There was significant confusion following the chequered flag at the 2022 Formula one Japanese GP. Firstly, Charles LeClerc was under investigation for leaving the track and gaining a lasting advantage. This meant the extra points Verstappen needed to win the drivers’ title was unclear in the moment.
The FIA quickly cleared up LeClerc investigation awarding him a five second penalty and promoting Sergio Perez into P2.
The race began but was quickly red flagged after Carlos Sainz hit the barrier at turn 12 on lap 1. Following almost a 2 hour delay the race restarted behind the safety car.
Shortened F1 race creates points confusion
The drivers were forced to use the extreme wet weather tyres which disperse standing water at around 85 litres per second. It quickly became obvious that the visibility was improving quickly and race control called in the safety car.
This left around 40 minutes of racing to go.
Eventually 28 laps were completed within the time and Max Verstappen had driven away from the field at an astonishing 1 second a lap finishing 27 seconds ahead of the classified P2 driver.
Yet there was confusion amongst the broadcasters as to how many points had been awarded for an interrupted race.
FIA rules re-written for shortened races
Due to farcical situations in years gone by where races were started in poor conditions behind the safety car, a few laps completed then full points awarded – the FIA have rewritten the rules how points are awarded.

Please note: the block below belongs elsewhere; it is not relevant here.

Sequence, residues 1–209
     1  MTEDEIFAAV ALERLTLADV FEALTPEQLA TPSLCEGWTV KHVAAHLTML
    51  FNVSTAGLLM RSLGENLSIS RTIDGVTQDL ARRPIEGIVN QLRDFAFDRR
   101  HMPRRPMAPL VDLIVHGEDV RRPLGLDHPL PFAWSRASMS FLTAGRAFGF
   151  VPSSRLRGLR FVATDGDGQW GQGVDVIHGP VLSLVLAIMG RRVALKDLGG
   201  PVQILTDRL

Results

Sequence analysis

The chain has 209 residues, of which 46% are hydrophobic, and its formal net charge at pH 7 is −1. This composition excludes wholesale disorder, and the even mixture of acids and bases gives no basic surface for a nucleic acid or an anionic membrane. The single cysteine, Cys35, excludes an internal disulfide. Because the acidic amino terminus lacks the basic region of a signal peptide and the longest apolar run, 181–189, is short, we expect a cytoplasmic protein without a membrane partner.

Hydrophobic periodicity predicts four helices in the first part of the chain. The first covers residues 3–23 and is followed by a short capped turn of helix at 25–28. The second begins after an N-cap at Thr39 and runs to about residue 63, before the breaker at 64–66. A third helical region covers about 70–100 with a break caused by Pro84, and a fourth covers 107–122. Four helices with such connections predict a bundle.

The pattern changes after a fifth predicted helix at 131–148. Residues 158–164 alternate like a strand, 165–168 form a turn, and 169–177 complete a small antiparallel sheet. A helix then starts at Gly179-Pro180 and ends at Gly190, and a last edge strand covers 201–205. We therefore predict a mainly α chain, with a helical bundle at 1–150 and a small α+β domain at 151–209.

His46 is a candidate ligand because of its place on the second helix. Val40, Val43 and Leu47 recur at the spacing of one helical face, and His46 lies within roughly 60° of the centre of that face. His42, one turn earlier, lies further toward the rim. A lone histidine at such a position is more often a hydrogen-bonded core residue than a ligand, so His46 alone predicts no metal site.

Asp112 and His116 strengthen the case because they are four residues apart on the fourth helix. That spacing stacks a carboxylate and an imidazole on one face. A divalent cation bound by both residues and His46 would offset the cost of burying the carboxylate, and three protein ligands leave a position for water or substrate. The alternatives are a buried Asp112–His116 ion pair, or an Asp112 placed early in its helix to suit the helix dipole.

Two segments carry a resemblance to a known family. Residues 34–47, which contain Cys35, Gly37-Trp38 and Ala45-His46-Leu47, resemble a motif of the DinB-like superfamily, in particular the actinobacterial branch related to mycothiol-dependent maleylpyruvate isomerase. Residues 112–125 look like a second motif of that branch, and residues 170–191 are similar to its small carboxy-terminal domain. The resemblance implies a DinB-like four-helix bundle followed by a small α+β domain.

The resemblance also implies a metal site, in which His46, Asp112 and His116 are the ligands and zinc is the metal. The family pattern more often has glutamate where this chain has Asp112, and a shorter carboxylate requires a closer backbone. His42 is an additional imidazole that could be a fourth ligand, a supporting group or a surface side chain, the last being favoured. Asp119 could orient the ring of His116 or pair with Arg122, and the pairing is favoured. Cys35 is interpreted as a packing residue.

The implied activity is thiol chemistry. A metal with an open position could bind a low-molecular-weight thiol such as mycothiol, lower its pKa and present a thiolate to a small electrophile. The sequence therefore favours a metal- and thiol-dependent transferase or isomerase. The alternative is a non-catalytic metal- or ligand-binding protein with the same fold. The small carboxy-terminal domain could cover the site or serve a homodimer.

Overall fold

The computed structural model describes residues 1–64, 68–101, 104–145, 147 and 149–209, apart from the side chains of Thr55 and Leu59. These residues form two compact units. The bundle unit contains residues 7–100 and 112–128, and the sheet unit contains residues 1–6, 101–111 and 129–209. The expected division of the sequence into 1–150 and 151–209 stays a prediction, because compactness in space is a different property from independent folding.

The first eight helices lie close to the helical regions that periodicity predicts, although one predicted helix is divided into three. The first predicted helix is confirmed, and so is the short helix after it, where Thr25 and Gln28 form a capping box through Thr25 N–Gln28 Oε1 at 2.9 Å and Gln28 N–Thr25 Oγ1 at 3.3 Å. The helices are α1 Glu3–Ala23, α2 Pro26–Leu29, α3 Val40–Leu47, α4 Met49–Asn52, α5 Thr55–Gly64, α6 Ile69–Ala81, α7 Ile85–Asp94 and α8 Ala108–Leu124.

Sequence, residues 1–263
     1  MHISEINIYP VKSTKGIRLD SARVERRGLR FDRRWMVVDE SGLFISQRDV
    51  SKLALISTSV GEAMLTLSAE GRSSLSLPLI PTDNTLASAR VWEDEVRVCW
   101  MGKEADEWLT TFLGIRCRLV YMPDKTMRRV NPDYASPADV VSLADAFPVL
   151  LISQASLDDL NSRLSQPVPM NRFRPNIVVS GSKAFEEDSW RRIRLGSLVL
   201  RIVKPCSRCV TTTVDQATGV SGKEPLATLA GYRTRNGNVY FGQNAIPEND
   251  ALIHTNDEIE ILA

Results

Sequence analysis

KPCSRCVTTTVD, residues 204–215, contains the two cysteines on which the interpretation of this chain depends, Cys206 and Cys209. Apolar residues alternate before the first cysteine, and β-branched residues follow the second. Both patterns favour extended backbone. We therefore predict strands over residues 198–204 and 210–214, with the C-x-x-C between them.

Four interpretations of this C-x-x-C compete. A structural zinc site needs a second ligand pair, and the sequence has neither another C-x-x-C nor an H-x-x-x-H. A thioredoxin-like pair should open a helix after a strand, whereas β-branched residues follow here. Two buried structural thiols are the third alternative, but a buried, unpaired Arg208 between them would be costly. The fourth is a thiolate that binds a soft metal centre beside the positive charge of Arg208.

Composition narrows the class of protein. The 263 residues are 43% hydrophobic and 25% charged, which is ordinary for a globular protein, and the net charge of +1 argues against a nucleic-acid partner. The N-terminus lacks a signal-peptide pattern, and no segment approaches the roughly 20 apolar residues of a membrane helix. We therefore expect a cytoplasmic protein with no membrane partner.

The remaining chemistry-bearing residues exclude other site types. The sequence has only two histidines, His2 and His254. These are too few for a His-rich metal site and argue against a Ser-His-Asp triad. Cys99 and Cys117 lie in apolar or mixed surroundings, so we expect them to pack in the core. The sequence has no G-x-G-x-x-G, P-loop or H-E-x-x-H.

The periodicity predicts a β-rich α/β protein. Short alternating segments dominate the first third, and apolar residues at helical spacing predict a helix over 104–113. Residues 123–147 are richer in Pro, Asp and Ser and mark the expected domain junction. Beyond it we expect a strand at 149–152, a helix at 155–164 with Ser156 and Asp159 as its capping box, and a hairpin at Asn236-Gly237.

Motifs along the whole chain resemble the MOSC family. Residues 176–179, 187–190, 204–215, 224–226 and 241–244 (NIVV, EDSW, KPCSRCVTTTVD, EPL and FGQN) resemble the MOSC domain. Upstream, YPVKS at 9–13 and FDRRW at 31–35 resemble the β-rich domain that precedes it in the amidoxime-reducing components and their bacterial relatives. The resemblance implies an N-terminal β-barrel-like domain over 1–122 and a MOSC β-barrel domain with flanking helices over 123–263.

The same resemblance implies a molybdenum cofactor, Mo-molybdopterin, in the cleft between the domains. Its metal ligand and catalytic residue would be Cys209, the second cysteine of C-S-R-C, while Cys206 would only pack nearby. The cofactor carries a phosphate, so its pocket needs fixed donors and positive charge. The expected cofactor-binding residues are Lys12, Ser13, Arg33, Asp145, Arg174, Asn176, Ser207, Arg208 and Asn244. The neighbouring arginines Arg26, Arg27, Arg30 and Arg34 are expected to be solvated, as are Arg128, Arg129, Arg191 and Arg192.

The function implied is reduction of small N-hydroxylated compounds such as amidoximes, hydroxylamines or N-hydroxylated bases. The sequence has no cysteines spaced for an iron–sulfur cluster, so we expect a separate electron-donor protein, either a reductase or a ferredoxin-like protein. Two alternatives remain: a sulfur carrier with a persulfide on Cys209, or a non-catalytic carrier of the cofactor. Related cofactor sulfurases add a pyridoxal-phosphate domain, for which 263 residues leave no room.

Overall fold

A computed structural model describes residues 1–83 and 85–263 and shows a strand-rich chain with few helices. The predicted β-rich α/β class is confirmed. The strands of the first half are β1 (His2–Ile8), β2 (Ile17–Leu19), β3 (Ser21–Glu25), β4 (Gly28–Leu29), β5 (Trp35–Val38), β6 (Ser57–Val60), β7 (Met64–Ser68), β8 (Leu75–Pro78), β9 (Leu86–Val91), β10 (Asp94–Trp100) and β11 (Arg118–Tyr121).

To prevent short races concluded by red flags there is a tiered system by which points are awarded in FIA Article 6.5.
If more than 50% but less than 75% of the laps are completed, then reduced points are on offer.
19-14-12 would then be awarded to the top three finishers instead of 25-18-15 points.
Because just 28 of the 53 scheduled laps were completed it was assumed the reduced points under Article 6.5 rule would be applied.
Max needed to finish 8 points ahead of Charles LeClerc in the race to retain his world Championship won last year in Abu Dhabi.
Red Bull pour over rules
Even with the news LeClerc had been demoted to P3, the difference between the reduced 19 points for the win and the 12 for P3 were not enough for Verstappen to claim the title.
Even in the cooldown room after the podium interviews, Verstappen himself was unsure if he was indeed the champion. “I am not [World Champion], am I? Are you sure?”
At the time Red Bull sporting director Jonathan Wheatley was pouring through the rule book on the pit wall as he believed Max was one point short.
Mercedes too were checking the rule book.
Yet even when Verstappen was confirmed the champion there was still uncertainty as to why.
FIA surprise decision
Eventually the FIA revealed their decision.
“Article 6.5 only applies in the event of race suspension that cannot be resumed, and therefore full points are awarded and Max Verstappen is World Champion.”
So because the race was resumed after the red flag, full points are awarded.
FIA rule will need rewriting
However, this raises a question as to what would happen if a race having completed just a handful of laps was red flagged, then restarted with just 2 or 3 laps to go.
Under Article 6.5 as written this would see potentially a 5 lap race see full points awarded. This of course is a farcical as a race starting behind the safety car and finishing after a handful of racing laps under a red flag.
The FIA will surely have to look at this before it comes back to bite them in the future.
"Today, we were just lucky"
Sebastian Vettel says Formula 1 need to learn from the incident today involving the recovery tractor coming onto the track. pic.twitter.com/rWi5Rjhe9p
— Sky Sports F1 (@SkySportsF1) October 9, 2022